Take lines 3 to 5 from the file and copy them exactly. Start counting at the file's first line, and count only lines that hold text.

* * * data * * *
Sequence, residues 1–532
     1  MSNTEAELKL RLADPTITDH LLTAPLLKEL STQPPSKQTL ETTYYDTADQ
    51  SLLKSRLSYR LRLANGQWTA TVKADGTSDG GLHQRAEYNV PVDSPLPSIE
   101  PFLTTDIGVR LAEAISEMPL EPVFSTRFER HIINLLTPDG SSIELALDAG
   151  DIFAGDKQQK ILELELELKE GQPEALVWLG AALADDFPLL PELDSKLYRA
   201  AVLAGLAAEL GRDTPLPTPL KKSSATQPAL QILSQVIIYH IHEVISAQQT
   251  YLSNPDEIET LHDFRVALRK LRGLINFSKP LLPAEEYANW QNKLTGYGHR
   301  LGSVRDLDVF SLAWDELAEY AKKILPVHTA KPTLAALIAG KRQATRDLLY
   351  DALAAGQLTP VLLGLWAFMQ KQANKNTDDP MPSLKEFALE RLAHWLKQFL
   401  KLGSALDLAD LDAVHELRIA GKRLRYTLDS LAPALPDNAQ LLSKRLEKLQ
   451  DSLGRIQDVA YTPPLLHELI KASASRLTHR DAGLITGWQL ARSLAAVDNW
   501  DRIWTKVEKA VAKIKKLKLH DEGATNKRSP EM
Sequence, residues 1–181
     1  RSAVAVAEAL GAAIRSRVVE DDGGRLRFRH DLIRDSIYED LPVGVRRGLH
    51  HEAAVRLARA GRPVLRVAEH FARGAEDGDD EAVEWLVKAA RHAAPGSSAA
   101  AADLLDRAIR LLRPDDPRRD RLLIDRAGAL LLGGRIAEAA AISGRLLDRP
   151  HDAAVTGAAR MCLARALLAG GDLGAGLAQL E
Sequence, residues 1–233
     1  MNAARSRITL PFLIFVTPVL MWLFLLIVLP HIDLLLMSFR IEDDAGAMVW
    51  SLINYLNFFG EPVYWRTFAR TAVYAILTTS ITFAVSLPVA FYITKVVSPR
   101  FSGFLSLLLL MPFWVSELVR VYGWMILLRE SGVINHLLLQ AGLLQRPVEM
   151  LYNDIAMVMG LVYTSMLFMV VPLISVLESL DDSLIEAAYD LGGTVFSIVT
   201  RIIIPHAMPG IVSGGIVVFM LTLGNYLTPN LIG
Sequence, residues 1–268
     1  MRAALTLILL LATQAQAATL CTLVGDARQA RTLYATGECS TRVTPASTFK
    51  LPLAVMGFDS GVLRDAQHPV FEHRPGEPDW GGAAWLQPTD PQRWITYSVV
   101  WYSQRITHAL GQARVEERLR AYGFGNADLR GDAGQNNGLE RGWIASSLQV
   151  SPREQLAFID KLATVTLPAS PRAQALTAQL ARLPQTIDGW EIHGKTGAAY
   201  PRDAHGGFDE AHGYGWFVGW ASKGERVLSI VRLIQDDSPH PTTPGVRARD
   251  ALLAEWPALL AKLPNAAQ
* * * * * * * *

    51  SLLKSRLSYR LRLANGQWTA TVKADGTSDG GLHQRAEYNV PVDSPLPSIE
   101  PFLTTDIGVR LAEAISEMPL EPVFSTRFER HIINLLTPDG SSIELALDAG
   151  DIFAGDKQQK ILELELELKE GQPEALVWLG AALADDFPLL PELDSKLYRA